How do you follow up the funniest half-hour of television since Seinfeld—or perhaps ever? For Ricky Gervais and Stephen Merchant, the co-creators of the beloved, internationally replicated show The Office, the answer was to scale back in ambition and amp up the gags. The six episodes comprising the first season of Extras, a fitfully hilarious HBO-aired series about fringe-dwellers in the movie industry, are as self-contained as installments of an old-school sitcom. Watch them out of order, and little is lost in terms of continuity or character, which may be part of the point, since the series centers on two "background artists" who rarely display the potential to evolve beyond their nagging prejudices and weakness for self-humiliation. On "The Difficult Second Album," a making-of featurette included on the DVD, Gervais jokes that the difference between his Extras character and his officious boss in The Office is that he got rid of the beard and the tie. Otherwise, the comedic repertoire is pretty much the same.
Gervais and Merchant recruit a new big-name star for each episode; they borrow those stars' cultural cachet, but at the same time, invariably make their "real-life" personas cruder and more juvenile than anyone might expect. Highlights include Kate Winslet, who, when she isn't on-camera as a nun saving Jews in World War II, offers kinky phone-sex advice ("I'd love it if you stuck your Willy Wonka between my Oompa-Loompas"), and Ben Stiller as an egomaniacal director who bullies a mutinous crew with worldwide gross figures from his hit comedies. In the downtime between takes, Gervais and fellow extra Ashley Jensen troll for speaking parts and dates, respectively, but their efforts usually lead to embarrassing faux pas.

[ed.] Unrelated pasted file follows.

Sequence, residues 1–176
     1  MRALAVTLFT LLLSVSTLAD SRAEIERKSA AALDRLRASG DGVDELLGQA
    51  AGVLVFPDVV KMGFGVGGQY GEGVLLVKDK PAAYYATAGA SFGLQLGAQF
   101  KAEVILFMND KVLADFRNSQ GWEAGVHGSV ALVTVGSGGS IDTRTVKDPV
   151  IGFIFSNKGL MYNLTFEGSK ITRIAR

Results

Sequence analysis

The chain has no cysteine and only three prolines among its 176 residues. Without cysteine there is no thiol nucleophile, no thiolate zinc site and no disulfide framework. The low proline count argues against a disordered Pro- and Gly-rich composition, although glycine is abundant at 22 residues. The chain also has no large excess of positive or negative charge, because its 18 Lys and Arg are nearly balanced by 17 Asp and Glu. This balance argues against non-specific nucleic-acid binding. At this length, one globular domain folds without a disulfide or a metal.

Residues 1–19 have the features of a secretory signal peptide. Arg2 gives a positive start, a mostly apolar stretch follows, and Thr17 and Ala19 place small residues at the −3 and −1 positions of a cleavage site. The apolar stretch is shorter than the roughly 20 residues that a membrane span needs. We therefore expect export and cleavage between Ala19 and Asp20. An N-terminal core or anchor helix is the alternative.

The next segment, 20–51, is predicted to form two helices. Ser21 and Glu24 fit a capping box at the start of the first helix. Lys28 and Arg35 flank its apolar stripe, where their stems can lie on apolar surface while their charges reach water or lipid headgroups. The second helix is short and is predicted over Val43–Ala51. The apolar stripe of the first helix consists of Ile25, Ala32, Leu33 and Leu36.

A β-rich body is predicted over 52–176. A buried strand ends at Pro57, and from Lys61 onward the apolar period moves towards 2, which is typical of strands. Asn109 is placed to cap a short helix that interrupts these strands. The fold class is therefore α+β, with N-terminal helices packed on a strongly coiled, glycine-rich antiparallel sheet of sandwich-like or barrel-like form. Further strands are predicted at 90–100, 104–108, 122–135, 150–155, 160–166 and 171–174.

While Extras gets the most from its guest stars, the central dynamic of the show is between Gervais and Jensen, who seem bonded by their petty small-mindedness, though Jensen carries it off more sweetly. Where everyone else would be appalled by, say, Jensen's refusal to date a man with one leg shorter than the other, or Gervais' attempts to curry favor with a Bosnian widower, they really see eye to eye. At their best, Gervais and Merchant exploit these grueling moments for the squirmiest laughs on television.
Key features: The aforementioned featurette, plus strong deleted scenes from each episode and endless outtakes of Gervais cracking up in the middle of a scene.